Mystery Monday: George Washington Perrett

Brick walls are a term that every genealogist, hobbyist or professional, learns eventually, much to our regret. Some people hit them early, some hit them later in the research, but they always come somewhere. They tend to become a frustration and an obsession, something that draws us back again and again. After all, the brick wall is the ultimate mystery, and solving the mystery is why many of us love genealogy. One of my greatest frustrations and mysteries is one of my great-great-grandfathers in my paternal line, George Washington Perrett.

Ironically, I probably have more paper on this man than most of the other individuals in my entire family tree, simply because he was involved in some court cases that generated reams of paper. But despite all that, I still don’t know where he came from or who his parents were. Family records say he was born on Sept. 9, 1852 in Mississippi, but not exactly where or to whom. In fact, the first time we see him at all in any records is his marriage to Mary Elizabeth Bell in Jefferson, Alabama, on May 18, 1881. That information was pulled from the IGI. Can we find him in the 1880 census? The 1870? The 1860? Haven’t yet.

In fact, the first time G. W. Perrett shows up in any census I’ve found is in 1900, when he’s already 48. He’s living in Tarrant County, Texas, with his wife, Mary, and their children: George Jr., Charles Morgan, William M., Eugene, Oscar, Chloe, Grace and Gladys. Four other children had died in infancy already. They would go on to have two more, Agnes and Mary. In 1908, their mother, Mary Elizabeth died, according to her death certificate, from ‘overwork and exhaustion’. After so many children, I can see why, even if that wasn’t uncommon. Thus, G.W. shows up again with his kids in 1910 as a widower in Tarrant County, Texas. He’s also there in 1920, and is said to have died in California in 1928 (age 75) and be buried in L.A., supposedly in Forest Lawn. I say supposedly because of a lot of this is information received from a great-uncle that I have yet to document myself. It may be completely true, but I cannot source it yet.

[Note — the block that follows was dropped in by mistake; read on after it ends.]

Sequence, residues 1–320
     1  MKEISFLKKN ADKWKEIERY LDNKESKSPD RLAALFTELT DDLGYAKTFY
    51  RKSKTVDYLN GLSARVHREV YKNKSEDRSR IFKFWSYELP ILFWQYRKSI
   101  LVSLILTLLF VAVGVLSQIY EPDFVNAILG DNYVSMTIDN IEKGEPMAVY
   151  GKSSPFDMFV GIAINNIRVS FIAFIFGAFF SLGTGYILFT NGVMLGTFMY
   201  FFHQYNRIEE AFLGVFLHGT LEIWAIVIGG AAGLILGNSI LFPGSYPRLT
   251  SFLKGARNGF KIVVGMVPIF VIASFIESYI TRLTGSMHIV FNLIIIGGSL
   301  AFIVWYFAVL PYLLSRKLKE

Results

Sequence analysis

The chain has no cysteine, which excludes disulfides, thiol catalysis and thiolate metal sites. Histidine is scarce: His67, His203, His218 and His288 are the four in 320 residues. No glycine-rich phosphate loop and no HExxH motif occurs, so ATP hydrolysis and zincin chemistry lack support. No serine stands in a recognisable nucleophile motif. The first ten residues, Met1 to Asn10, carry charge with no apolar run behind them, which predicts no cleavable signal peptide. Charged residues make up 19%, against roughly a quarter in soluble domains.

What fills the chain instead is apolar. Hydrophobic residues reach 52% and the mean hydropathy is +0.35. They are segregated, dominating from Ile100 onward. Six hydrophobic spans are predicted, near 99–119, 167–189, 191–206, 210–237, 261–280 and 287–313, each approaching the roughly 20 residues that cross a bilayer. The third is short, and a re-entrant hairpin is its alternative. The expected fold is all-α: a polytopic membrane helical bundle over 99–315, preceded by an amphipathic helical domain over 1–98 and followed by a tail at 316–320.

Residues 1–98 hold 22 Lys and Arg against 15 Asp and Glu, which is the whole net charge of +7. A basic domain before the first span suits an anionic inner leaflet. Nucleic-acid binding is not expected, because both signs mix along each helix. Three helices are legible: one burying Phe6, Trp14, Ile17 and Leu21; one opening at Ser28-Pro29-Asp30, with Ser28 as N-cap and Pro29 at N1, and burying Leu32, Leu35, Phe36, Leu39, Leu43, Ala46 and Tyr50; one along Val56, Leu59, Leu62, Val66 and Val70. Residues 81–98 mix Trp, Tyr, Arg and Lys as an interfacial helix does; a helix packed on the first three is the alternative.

Who was George Washington Perrett? Where did he come from? Who were his parents? Was he running from something? Did he change his name? Or was he only one that moved about a lot (the various birthplaces of his children indicate as much) in his youth, making him hard to nail down? I wish I knew.

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